Though little known abroad, these trace fossils have been local celebrities for almost 200 years, as they are quarried locally and are exposed on walls, footpaths and old roofs throughout the area. Definitely a local A-list celebrity.

These quarried slabs are subject to footfall wear when used as paving stone. Natural weathering and overgrowth by lichens on the older exposed wall slabs outweigh any damage by visitors. There are currently no measured rates of erosion, but they can be considered as low risk as they are highly unlikely to be removed by visitors.


Figure 2. Wall slab on walking trail with abundant Psamminchnites trace fossils at the Cliffs of Moher. Pencil = 15 cm



Suggested Location: Cliffs of Moher Visitor Experience, Burren National Park, Flaggy Shore, Black Head

Following the development of the Visitor Centre at the Cliffs of Moher in 2007, Carboniferous (Viséan) limestone blocks containing abundant coral (as well as brachiopods and crinoids) were added to the paving stones on steps leading to O’Briens’s Tower (Fig. 3). The white calcite of the fossils is prominent and aesthetically pleasing against the dark polished surfaces of the micritic limestone.

Large (>1 m diameter) colonial corals are also exposed along a walking trail at Mullaghmore in the Burren National Park (Fig. 4). Here the corals are partially silicified, are darker and weathered proud of the rock surface. The corals are typical representatives of the Viséan, including a variety of species of PalaeosmiliaSiphenodendronLithostrotionSyringoporaSolenodendron and Zaphrentids (Gallagher et al. 2006).

Corals are not generally associated with Ireland, despite recent work on living deep water corals from the west coast of Ireland (Roberts et al. 2006); they remain linked in popular culture with shallow warm tropical seas, and the presence of abundant corals in Irish limestone is an important aid in explaining the existence of ancient tropical shallow seas.

The corals have struggled to maintain a high profile, but they are solid B-list celebrities because of their association with exotic warm tropical seas. The corals are considered as at low risk because it is difficult for visitors to extract them from the limestone. There is some wear from footfall along the walking path in the Burren National Park.

Figure 3. Corals in the steps at the Cliffs of Moher. Step height = 15 cm.




Figure 4. Silicified colonial coral on walking trail, Burren National Park. Maximum diameter of colony = 60 cm.


Suggested location: Cliffs of Moher Visitor Experience, Aillwee Cave Geosite

Large gigantoproductid brachiopods (as well as Linoproductus and Davidsonia) are found in some horizons of the Carboniferous limestone in the Burren (Fig. 5). These are most likely to be seen at prominent locations such as the Cliffs of Moher, alongside their coral colleagues in the steps and also along a significant bedding surface in Aillwee cave; a family-run tourist center that welcomes tens of thousands of visitors each year.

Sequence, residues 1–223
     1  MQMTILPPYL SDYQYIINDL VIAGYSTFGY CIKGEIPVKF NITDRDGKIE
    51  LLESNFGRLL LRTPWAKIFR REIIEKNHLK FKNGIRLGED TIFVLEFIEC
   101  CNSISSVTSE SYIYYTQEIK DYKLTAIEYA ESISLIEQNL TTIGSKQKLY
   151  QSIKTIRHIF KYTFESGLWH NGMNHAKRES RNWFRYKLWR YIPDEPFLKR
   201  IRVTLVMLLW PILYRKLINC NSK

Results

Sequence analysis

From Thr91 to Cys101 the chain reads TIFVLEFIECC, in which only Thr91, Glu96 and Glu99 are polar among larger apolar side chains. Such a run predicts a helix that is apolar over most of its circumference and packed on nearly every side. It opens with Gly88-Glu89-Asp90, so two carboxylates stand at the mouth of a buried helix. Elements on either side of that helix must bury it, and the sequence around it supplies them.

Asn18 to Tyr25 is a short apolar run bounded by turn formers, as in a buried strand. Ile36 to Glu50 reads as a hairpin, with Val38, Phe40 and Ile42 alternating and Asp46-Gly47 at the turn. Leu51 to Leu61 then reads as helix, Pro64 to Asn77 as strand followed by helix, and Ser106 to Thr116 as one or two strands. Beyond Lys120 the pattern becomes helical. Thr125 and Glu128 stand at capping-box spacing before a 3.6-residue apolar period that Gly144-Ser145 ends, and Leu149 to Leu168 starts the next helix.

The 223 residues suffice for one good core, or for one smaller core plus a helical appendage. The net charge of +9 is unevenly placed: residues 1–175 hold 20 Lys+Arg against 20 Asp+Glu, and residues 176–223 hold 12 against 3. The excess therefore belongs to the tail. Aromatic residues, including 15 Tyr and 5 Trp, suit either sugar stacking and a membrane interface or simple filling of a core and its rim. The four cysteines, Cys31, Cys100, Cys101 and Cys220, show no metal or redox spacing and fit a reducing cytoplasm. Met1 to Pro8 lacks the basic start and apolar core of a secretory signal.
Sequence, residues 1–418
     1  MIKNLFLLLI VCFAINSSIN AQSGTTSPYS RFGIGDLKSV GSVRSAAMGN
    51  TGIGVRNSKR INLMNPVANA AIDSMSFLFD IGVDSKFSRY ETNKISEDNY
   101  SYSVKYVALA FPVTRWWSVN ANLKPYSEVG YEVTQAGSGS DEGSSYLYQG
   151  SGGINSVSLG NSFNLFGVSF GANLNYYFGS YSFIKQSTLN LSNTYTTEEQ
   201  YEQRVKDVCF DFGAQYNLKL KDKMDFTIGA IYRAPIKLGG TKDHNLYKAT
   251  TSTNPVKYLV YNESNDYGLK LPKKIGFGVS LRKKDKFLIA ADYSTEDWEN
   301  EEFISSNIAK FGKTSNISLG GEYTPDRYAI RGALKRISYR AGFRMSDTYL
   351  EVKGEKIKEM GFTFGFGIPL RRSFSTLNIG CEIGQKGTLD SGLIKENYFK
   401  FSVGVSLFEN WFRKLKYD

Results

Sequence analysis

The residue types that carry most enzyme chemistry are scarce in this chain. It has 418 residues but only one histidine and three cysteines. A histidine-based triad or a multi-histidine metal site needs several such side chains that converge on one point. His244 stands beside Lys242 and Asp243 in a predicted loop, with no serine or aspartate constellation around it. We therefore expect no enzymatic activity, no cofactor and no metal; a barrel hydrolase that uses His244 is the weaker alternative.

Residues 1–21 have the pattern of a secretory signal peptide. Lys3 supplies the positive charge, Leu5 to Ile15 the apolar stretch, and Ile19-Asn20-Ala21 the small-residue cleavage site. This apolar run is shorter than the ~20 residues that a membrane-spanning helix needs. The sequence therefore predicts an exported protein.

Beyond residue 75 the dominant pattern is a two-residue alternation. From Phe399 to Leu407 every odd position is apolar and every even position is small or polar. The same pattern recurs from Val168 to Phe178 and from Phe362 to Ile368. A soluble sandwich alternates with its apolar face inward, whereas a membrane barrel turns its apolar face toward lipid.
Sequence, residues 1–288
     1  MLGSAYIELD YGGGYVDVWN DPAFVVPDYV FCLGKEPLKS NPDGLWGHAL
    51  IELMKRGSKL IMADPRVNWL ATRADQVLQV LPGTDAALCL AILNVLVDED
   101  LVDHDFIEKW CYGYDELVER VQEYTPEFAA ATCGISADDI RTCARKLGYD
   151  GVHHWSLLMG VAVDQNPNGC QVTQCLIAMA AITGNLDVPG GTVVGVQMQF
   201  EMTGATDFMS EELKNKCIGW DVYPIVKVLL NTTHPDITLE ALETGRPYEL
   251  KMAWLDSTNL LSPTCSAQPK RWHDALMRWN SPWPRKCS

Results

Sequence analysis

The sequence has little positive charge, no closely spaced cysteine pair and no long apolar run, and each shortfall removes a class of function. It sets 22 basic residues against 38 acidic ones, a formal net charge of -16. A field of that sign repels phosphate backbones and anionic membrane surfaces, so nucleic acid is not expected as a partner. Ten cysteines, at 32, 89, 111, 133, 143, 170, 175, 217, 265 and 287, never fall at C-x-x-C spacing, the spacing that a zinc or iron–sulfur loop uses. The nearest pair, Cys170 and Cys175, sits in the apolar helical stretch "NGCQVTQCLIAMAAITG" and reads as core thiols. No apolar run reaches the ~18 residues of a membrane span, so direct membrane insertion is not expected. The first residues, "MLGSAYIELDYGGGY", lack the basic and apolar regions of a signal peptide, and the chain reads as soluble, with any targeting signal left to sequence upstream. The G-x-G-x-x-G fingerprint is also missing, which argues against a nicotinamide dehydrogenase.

As most non-geologists have never heard of brachiopods and they are rather crudely compared to scallops or clams, they attract little attention and are definitely C-listers that have to do a lot of work to rise higher in the rankings. These are considered to be at low risk because of the low level of interest and the difficulty in extracting them from the hard limestone.

Figure 5.  Brachiopod shells, Burren National Park. Maximum length = 10cm.


Suggested Location: Lisdoonvarna Spa Wells and Doolin Pier Geosite

Geologically, there can be little doubt that the ammonoids have been the most important fossils in the Geopark because they are biostratigraphic markers for the siliciclastic basin fill of the Clare Shale Formation and the cyclothemic Central Clare Group. These small (generally < 3 cm diameter) creatures are found in huge abundance (Fig. 6) in distinct horizons traditionally known as ‘marine bands’ (e.g. Hodson and Lewarne 1961; Bisat 1924), representing condensed sections. Reticuloceras (Phillipoceras) is the most common genus, but HomocerasHomoceratoidesAnthracoceras and other typical Pennsylvanian ammonoids are present (Hodson 1954a, b, Lacchia et al. 2015).

High social media coverage by a local walking guide makes these little predators rising stars, and they could move up the rankings from their current B-list status. Ammonoids are collected as pebbles from storm beaches and so are at increased risk. The rate of replacement from natural storm erosion is likely high (Bertoni et al. 2016), but no site-specific data exists.


Figure 6. Ammonoids, Doolin Pier. Maximum diameter = 2.5 cm


Suggested Location: Doolin Pier Geosite, Fanore Beach Geosite, Doolin Cave Geosite

Perhaps the most common macrofossils in the Burren, crinoids have been neglected because they are generally disarticulated (Fig. 7). Recent work has started to change that; the naming of a new columnogenus and species Heloambocolumnus harperi (Donovan and Doyle 2019) and further work on stem segments of a separate species (Donovan and Doyle 2020) in formal academic publications as well as social media posts has exposed these creatures to a new audience.

These have been struggling C-list celebrities for a long time, but the new research has given them some new fans and they could become B-list celebrities before long. Crinoids are very low risk because of their huge abundance and the difficulty in extracting them from the limestone.

Figure 7. Crinoids, Fanore Beach. Length of vertical stem section = 5cm.

Vertebrates: Tetrapods and Fish

Suggested Location: Doolin Pier Geosite

There can be little doubt that vertebrate fossils generate most public interest, with dinosaurs and sharks being the apex media grabbers and dominant A-listers. The largest predators in particular get the most media attention, such as T. rex and Megalodon sharks. In the Burren our vertebrate fauna is sparse and poorly known. Recent research on Pennsylvanian tetrapod bones (Doyle and O’Gogain 2019) resulted in significant media coverage, partly because they were linked to dinosaurs in the press release, but also through the use of a reconstructed Pennsylvanian tetrapod image (courtesy of Scottish Museums) which gave life to the otherwise insignificant looking material (Fig.8).